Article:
The Skills Gap:
We hear a lot recently about the skills gap. There are not the trained employees that employers require.
I was relatively lucky in the time I was born and the ability I had to pursue my chosen profession.
I was hired right out of school to do the work for which I was educated. My employer introduced me to the support staff and assigned a small project. They put up with the initially slow work and inevitable mistakes. As my experience grew, they assigned more difficult tasks. By the end of my time with this employer, I was handling multimillion dollar contracts and was the expert on a couple of specific structural, load-bearing calculations.
Subsequent employers (I only had three) were also willing to take a chance on neophyte practitioners so that they could mould us into the person who fit their needs.
My children are just now in the early stages of their employment careers. It has been difficult for them to get that all important start. It now appears that employers no longer seem willing to hire and nurture employees. The want highly educated people with training and 5 years experience. I’m sure that’s why you see many intelligent, willing, adaptable young people leaving university and attending colleges and if possibly spending a lot of time volunteering and in unpaid internships.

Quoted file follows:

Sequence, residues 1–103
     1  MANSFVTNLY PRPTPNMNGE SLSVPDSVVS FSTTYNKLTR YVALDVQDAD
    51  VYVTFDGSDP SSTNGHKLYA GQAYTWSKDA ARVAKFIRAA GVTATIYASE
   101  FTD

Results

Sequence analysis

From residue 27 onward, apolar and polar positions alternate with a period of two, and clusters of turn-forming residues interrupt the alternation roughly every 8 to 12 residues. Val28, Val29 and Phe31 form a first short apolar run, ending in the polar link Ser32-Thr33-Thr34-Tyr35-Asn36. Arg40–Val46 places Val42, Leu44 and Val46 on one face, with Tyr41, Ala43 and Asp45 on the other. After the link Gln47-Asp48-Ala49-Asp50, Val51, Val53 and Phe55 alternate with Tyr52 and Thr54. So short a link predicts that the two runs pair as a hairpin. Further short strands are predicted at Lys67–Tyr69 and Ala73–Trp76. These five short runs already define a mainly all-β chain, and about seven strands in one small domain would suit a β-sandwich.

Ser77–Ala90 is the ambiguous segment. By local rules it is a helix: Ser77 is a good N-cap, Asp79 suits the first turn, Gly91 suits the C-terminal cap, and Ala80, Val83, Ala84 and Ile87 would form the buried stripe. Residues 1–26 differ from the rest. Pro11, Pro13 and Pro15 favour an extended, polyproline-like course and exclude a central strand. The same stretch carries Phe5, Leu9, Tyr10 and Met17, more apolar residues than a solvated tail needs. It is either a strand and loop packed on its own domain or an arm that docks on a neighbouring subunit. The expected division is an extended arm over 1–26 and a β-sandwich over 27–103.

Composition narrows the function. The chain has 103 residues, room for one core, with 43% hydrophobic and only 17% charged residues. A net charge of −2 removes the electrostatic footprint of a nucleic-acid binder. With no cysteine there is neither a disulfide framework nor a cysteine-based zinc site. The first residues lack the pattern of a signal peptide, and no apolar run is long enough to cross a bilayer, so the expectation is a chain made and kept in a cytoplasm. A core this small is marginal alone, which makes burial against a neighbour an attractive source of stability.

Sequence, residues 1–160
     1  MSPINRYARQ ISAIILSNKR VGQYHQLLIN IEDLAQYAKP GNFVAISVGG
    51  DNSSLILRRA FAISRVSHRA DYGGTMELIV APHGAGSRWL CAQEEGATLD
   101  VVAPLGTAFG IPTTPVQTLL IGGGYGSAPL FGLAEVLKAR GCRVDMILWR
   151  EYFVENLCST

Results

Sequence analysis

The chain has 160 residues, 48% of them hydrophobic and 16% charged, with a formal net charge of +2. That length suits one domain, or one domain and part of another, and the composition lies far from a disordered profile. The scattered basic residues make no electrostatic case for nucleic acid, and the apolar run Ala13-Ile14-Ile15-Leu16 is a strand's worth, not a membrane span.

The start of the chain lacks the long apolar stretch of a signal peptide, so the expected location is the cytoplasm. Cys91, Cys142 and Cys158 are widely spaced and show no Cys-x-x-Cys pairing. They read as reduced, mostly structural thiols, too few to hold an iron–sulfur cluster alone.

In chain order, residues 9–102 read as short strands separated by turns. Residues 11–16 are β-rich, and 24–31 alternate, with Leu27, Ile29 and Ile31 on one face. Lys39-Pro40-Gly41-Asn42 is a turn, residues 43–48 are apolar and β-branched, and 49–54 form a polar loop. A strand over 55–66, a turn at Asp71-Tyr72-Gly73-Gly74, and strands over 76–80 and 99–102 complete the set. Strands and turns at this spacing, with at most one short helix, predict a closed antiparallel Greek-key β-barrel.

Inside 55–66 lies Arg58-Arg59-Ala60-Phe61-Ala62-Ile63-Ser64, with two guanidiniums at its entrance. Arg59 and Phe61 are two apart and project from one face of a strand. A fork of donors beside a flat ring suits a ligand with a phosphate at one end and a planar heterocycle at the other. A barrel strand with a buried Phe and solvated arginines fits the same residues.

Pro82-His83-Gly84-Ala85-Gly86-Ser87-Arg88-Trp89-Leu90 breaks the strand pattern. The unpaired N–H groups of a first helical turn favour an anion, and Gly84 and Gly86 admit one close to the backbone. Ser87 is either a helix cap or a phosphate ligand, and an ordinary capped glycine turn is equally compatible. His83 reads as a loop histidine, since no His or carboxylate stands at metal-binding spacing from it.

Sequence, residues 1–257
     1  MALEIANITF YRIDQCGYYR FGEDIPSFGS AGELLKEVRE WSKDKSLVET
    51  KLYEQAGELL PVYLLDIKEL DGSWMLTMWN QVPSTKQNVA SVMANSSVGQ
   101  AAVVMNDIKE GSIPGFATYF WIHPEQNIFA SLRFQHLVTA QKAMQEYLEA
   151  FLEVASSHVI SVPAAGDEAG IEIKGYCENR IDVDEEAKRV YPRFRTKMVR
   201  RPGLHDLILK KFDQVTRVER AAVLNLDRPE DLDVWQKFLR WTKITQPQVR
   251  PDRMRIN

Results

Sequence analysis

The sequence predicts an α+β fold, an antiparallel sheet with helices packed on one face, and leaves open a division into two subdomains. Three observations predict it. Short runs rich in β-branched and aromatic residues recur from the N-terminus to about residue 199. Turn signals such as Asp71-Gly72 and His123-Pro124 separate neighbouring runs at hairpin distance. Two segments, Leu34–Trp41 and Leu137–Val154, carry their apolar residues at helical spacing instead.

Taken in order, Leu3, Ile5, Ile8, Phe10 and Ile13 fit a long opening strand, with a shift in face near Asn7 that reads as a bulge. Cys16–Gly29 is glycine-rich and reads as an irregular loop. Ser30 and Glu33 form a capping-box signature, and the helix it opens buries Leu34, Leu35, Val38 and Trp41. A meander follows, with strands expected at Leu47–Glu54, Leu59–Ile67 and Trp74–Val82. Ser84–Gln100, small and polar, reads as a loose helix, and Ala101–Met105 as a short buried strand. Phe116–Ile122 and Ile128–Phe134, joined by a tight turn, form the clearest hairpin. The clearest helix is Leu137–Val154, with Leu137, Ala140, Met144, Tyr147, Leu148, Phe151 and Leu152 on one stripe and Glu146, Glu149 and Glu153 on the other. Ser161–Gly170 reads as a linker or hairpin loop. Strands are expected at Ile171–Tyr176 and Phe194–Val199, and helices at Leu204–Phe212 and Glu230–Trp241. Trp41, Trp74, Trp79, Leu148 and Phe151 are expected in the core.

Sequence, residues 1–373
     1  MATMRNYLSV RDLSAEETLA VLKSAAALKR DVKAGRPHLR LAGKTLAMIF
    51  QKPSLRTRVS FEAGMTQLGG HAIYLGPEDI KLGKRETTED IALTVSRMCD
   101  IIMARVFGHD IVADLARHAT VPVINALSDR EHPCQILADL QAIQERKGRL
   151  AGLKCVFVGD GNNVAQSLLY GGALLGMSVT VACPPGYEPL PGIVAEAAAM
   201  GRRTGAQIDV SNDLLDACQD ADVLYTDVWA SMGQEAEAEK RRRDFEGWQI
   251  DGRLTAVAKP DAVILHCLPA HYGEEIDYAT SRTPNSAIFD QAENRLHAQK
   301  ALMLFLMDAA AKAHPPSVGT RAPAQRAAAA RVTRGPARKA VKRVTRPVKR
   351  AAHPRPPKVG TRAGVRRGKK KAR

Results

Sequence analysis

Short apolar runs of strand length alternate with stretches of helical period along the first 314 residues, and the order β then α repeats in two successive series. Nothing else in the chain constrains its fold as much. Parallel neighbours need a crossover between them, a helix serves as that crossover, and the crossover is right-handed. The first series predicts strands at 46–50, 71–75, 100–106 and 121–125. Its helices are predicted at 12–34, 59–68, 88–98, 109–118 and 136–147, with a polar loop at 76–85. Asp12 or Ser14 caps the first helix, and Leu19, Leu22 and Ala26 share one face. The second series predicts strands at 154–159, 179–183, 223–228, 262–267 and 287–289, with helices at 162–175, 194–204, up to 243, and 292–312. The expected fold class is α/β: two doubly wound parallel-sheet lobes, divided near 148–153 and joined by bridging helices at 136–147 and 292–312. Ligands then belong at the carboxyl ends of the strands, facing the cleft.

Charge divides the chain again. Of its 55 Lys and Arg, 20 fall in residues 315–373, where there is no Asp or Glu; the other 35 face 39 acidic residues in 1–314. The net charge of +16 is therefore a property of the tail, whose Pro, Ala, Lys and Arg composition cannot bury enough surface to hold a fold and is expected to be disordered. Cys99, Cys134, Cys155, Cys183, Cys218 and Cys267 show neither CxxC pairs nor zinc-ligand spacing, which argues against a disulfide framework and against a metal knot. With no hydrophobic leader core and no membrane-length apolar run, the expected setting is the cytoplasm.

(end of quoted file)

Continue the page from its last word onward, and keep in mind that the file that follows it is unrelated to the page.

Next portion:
In earlier times, they would have been evaluated on potential, hopefully hired and taught their specific tasks by their employer. Now they are in effect pre-learning the more detailed job skills that in my day were learned on the job.
As employers squeeze employees, employees lose confidence in the oft touted “company family” and when the opportunity arises move on. Employers, ruing the lost time and cost invested in job training then try to attract already trained personnel. As that pool dried up, they began to require a potential employee to augment his/her own training to the point of immediate usefulness.
Is it possible that the so-called skills gap is a result of enough cut throat employers, over time treating people as “human capital” rather than personnel and ceasing to train in-house?